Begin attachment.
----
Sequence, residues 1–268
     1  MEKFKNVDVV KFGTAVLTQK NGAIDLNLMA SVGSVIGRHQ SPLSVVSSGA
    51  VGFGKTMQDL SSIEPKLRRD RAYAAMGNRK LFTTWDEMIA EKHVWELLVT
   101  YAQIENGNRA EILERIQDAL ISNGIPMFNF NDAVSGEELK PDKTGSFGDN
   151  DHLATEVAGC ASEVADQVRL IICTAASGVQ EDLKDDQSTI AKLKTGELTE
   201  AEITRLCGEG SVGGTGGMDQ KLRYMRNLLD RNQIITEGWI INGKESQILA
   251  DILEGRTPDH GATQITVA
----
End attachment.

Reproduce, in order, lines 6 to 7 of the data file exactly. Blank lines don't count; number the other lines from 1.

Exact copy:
   201  AEITRLCGEG SVGGTGGMDQ KLRYMRNLLD RNQIITEGWI INGKESQILA
   251  DILEGRTPDH GATQITVA